Fintech and the disruption of banks – where are we now? Part 1: Payments

The landscape for financial services is changing, and while some trends stand out as inevitable, the endgame is still unclear. Not long ago, fintech was an obscure topic that only a few of us actually cared about. By now, fintech has exploded as a mainstream topic with an increasing level of interest from the general public. This post may not propose any revolutionary new insight, but in order to better navigate in uncharted waters it is often useful to conduct an overall assessment of the status of fintech and digital banking.

Fintech is not one single discipline, but a collective term describing different ways of improving and/or disrupting traditional financial services through use of technology, hence the term FinTech.

Payments is still the biggest and most mature field within fintech. Changing consumer behavior, eCommerce, smartphone adoption, digital currencies and PSD2 are just some of the trends that is making payments ripe for disruption. This used to be a field of opportunities for promising startups, and has given us successes such as Klarna, iZettle, Square and Venmo.  Now this field is gearing up for a clash of the titans, where fintech challengers like Klarna and Transferwise face off with tech behemoths like Facebook, Apple, Google, converging industry players from the telco and retail industry, incumbents from the payment industry such as Paypal, Visa and Mastercard, the banks and Alipay as the dark horse in this battle royale for the future of payments.

What are they trying to solve? 

The digital payment infrastructure varies across countries, and where the Nordics are nearly cashless, cash is still used extensively in countries like Austria and Germany. Regardless of digital maturity, there are still some fundamental issues to be solved. Even with card payments, there are still several areas where there is unnecessary friction in the payment and checkout process. New solutions aiming to reduce friction will enable digital retailers and merchant to increase conversion rates, thus creating opportunities for payment service providers that focus on convenience and simplicity. Cross-border payments and remittances are slow and costly, and innovators are attempting to reduce transaction cost and deliver near real-time clearing and settlements. Payments is the first step towards financial inclusion, and mobile solutions like mPesa and Easypaisa is providing basic transaction banking services to the unbanked in countries like Kenya and Pakistan.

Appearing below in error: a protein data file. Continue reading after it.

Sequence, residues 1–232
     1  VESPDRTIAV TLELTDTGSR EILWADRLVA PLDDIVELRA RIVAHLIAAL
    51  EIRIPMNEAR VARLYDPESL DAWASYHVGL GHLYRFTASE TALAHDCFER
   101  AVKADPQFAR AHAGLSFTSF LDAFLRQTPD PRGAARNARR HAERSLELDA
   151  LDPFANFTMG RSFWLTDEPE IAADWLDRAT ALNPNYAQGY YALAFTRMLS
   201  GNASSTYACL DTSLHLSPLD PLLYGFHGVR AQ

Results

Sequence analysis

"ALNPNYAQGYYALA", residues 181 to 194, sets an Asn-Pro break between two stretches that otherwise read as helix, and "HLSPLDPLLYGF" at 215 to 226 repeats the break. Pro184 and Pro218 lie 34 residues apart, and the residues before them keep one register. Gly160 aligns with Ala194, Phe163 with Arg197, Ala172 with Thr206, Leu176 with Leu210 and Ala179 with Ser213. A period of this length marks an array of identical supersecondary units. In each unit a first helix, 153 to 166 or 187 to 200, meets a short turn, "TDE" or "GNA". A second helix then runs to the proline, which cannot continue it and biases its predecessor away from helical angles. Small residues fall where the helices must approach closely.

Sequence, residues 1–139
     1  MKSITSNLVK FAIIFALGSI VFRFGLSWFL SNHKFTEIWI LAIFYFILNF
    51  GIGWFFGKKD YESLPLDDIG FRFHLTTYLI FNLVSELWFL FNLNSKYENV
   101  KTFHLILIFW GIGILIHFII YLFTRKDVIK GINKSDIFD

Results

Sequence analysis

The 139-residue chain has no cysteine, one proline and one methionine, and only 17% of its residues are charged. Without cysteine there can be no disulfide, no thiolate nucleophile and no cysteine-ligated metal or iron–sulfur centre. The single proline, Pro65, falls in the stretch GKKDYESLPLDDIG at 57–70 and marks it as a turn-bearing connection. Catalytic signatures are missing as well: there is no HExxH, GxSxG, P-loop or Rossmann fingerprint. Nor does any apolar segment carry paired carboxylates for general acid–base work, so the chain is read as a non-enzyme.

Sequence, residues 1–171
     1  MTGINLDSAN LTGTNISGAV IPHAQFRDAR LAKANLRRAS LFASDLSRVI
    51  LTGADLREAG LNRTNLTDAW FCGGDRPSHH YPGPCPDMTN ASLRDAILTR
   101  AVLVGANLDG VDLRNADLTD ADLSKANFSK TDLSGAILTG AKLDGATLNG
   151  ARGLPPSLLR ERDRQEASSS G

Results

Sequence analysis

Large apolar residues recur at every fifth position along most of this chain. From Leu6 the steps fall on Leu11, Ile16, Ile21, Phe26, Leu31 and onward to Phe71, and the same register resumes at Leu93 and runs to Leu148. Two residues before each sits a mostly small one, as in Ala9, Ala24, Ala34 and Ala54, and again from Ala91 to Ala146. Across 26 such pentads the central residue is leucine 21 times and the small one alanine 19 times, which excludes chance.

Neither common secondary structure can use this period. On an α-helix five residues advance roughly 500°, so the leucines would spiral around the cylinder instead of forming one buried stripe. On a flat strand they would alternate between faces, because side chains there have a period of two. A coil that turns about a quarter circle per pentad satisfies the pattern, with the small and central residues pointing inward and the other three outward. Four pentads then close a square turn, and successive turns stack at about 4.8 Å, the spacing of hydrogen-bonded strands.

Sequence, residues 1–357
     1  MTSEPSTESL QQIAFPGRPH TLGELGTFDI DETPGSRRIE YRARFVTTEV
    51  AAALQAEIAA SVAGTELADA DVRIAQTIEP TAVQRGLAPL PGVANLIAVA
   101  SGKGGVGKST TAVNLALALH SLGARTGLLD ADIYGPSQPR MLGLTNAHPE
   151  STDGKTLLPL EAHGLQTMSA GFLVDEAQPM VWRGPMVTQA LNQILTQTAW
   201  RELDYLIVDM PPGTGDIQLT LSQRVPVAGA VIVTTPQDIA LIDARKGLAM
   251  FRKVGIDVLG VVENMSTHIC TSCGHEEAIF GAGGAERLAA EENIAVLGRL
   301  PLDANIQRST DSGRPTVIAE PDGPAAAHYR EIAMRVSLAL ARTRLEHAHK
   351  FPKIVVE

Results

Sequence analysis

Who are being disrupted?

Basically anyone operating in the payment industry is at risk. According to Accenture, banks alone are set to lose 43 percent of retail payment revenues as a result of PSD2. Payment infrastructure players such as SWIFT are challenged by the promise of blockchain, and traditional payment service providers have even more to lose as increased competition in the payment space may render payment processing a commodity.

However, the main reason why payments is the main battlefield in fintech is the fact that payments is the entry point for further disruption. According to McKinsey, 80 percent of customer interaction with their banks is through paying for goods and services. Controlling the payment interface will give an unprecedented leverage for intermediation of transaction banking. Facebook is one such player, who is in a unique position to disintermediate retail banks as a digital ecosystem built on the digital identity of every user in its user base, with the ability to evolve alongside changing user behavior.

iZettle has expanded into lending, and Klarna is already utilizing their strong position within digital payments to become a full-fledged retail bank. Payments are key to acquire crucial customer data, which will be used for both risk and credit assessment, as well as data-driven product development and new business models. EU’s payment directive, PSD 2 will further strengthen this trend by requiring banks to allow users to initiate payments and access their own transaction data through third-party solutions.

For more insight on payments, check ou these posts. Make sure to subscribe and stay tuned for my next update on where we stand on savings and investment trends.

2 thoughts on “Fintech and the disruption of banks – where are we now? Part 1: Payments

  • March 29, 2017 at 12:23 am

    Cross-border payments, peer-to-peer payments and commercial lending are all areas where the markets of traditional banks are being attacked by startups, flush with VC cash. Three of these firms, all founded by Israelis either in Israel or New York, are at the forefront of disrupting the old way of doing business. But can they survive in the face of competition from all sides of the Internet?

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